We have already drawn illustrations from East and West, from the Gospels and Greek philosophy and from the Indian books of wisdom. And necessarily so, since this teaching of the Logos is fundamental in all religions. We have found the ancient sage of China, nearly four thousand years ago, endeavouring to think in harmony with the Mind of God. And Tao, the fundamental principle of Lao Tse, some twenty-five centuries since, is so close to the same thought, that the great French Sinologue, Remusat, thought that Logos was the fittest word to translate it. And we are told by a recent student of the Tao Teh King, Dwight Goddard, that, when Christian scholars came to translate the Logos of Saint John, they were satisfied to use the word Tao.
From China westward, we can trace the same great thought through India, where Vach and Viraj exactly indicate the Logos, and where Brahma-vidya anticipates Theosophia; through Thoth or Tehuti in Egypt, the Divine Intelligence uttering the creative word; through the Logos from Heraclitus to Philo, from the Wisdom of Solomon (9, 12): “O God of the fathers, and Lord of mercy, who hast made all things in thy Logos,” to Saint John; literally from China to Peru and even farther west to Guatemala, finding the same concept in “the Creator and Former, the Mother and Father of life,” in the aboriginal Popol Vuh.
Theosophy, which rests on a thought fundamental in all religions, of necessity cannot be antagonistic to any religion. The Theosophical Society is, in virtue of its very nature, the friend and ally of all religions, even of all Churches, each of which has its individual light. And it has been well and wisely said that the purpose of The Theosophical Society is, to convert each man to his own religion.
A little while ago, we were considering a verse of the Bhagavad Gita: “Thy authority, thy right is in the work,” the Sanskrit word for work being Karma. And this brings us to another fundamental idea.
Perhaps we can best approach the consideration of Karma through a sentence in the Brihad Aranyaka Upanishad: “As they said of old: Man verily is formed of desire; as his desire is, so is his will; as his will is, so he works; and whatever work he does, in the likeness of it he grows.” Even then, in that ancient Upanishad, it was a saying of far older days.
Here again, the word is Karma; and it is a fundamental thought in the wisdom of India, that a man’s life is his own doing, his own work. He advances through effort and sacrifice toward the Logos. At each moment, he is at that point on the road to which his effort has carried him. His task is, to go forward on the road. The point of the road at which he finds himself is not so important; the vital thing is that he shall go forward.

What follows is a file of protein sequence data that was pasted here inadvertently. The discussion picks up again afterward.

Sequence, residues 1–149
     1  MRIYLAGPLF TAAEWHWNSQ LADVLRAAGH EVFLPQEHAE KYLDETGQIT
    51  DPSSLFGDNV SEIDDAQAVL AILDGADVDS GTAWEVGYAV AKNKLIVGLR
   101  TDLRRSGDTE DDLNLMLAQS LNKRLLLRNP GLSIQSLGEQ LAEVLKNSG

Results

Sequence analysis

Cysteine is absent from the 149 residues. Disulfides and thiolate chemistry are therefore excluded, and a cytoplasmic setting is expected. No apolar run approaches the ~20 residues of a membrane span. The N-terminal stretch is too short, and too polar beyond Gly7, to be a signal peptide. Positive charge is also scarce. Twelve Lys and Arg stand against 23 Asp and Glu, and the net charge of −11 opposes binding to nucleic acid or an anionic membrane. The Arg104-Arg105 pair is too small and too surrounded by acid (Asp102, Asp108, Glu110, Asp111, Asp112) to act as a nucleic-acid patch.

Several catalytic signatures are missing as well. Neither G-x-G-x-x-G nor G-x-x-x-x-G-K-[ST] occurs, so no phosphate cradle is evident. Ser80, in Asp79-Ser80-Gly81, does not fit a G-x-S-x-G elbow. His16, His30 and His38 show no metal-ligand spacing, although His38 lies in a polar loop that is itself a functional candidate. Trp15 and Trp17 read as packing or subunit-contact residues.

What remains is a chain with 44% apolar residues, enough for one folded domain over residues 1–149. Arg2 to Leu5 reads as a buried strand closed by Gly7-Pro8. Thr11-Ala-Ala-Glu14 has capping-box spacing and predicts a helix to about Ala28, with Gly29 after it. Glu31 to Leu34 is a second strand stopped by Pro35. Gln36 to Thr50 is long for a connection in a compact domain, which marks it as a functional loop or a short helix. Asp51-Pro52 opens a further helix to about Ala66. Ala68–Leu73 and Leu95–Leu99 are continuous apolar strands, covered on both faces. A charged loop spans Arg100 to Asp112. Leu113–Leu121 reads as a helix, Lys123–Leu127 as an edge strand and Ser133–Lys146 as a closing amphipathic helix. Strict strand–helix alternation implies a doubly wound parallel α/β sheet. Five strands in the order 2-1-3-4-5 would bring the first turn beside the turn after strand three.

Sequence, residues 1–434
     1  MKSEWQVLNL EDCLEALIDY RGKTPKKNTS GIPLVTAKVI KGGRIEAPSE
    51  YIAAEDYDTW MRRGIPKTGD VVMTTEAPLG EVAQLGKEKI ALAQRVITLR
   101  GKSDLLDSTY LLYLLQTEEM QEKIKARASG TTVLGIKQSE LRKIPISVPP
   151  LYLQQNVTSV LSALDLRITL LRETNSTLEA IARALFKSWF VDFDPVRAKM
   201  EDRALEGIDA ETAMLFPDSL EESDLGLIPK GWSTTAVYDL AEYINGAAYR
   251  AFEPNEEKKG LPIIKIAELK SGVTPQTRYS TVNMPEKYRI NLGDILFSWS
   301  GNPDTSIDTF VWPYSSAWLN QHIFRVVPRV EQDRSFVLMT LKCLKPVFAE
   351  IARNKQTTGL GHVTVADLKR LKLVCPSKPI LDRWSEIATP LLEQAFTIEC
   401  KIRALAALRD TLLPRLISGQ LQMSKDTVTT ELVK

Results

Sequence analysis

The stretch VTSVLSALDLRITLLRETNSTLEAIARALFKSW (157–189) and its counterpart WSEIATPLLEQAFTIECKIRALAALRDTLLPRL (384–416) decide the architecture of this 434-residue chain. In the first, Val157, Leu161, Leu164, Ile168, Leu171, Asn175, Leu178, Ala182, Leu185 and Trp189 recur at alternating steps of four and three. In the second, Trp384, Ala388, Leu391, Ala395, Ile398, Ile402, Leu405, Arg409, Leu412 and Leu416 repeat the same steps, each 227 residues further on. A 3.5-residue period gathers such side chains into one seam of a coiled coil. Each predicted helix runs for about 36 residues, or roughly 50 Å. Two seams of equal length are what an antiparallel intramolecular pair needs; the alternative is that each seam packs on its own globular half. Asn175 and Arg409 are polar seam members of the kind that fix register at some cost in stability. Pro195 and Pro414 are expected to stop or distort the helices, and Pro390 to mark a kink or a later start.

From this consideration of Karma it will follow once more that, to those who hold this view of life, envy or coveting is impossible; simply non-existent for that view of life. And, if this view were generally apprehended, all the ferment and revolutionary turmoil, the feverish social problem, as it is called, would cease to exist; it would be like a flurry of snow falling into a stream, “a moment white, then melts for ever.”
There is another simile of the same law which Prince Siddhartha, the Buddha, seems habitually to have used, the simile of sowing and reaping, the seed sown and the fruit gathered; he who sows rice, reaps rice, and he who sows sesamum, reaps sesamum. This has its exact parallel in Saint Paul’s autograph letter to the Galatians (6, 7): “Be not deceived; God is not mocked: for whatsoever a man soweth, that shall he also reap.”
And every gardener and farmer knows that as he sows, he reaps. Therefore he regards his own field, his own garden, and not another’s. Here, once more, if we look at our lives in this light of sowing and reaping, a greedy envying of the fruits of another must melt away. Or, to return to the former simile, each of us, through effort and sacrifice, has reached a certain point on the path toward the Eternal; the vital thing is, to go forward, through effort and aspiration and sacrifice.
And we shall do well to keep in mind that superb phrase of the Bhagavad Gita (3, 10): “Putting forth beings united with sacrifice, the Lord of beings of old declared: By this, by sacrifice, ye shall increase and multiply.” We are united with sacrifice, through the creative act of the Lord of beings, through the everlasting will and decree of the Logos, and we shall be wise to cleave in love to this companion of our journey.
So we find this fundamental principle, the Logos, everywhere, in all religions. And students of Theosophy hold that all religions owe their very existence to the Logos; the great Master who is the founder and central figure of each religion, being clothed with the Logos, an Avatar, a plenary Incarnation of the Mind of God.
At this point, we may, perhaps, draw a contrast between the mood of the East and the mood of the West: The East, more contemplative, approaches life on the side of intelligence, seeking to penetrate and comprehend the great Mystery, desiring illumination and the clear vision of the Everlasting. The West, more active, full of energy and force, and very often carried away and overwhelmed by its own energy; so that the streets of a great city like New York are turbulent torrents of energy, furiously rushing this way and that, with very little wisdom, very little illuminated insight into the path that is being traveled; hardly a thought of the inward light flowing down from the Logos, ready to lead us along the everlasting ways.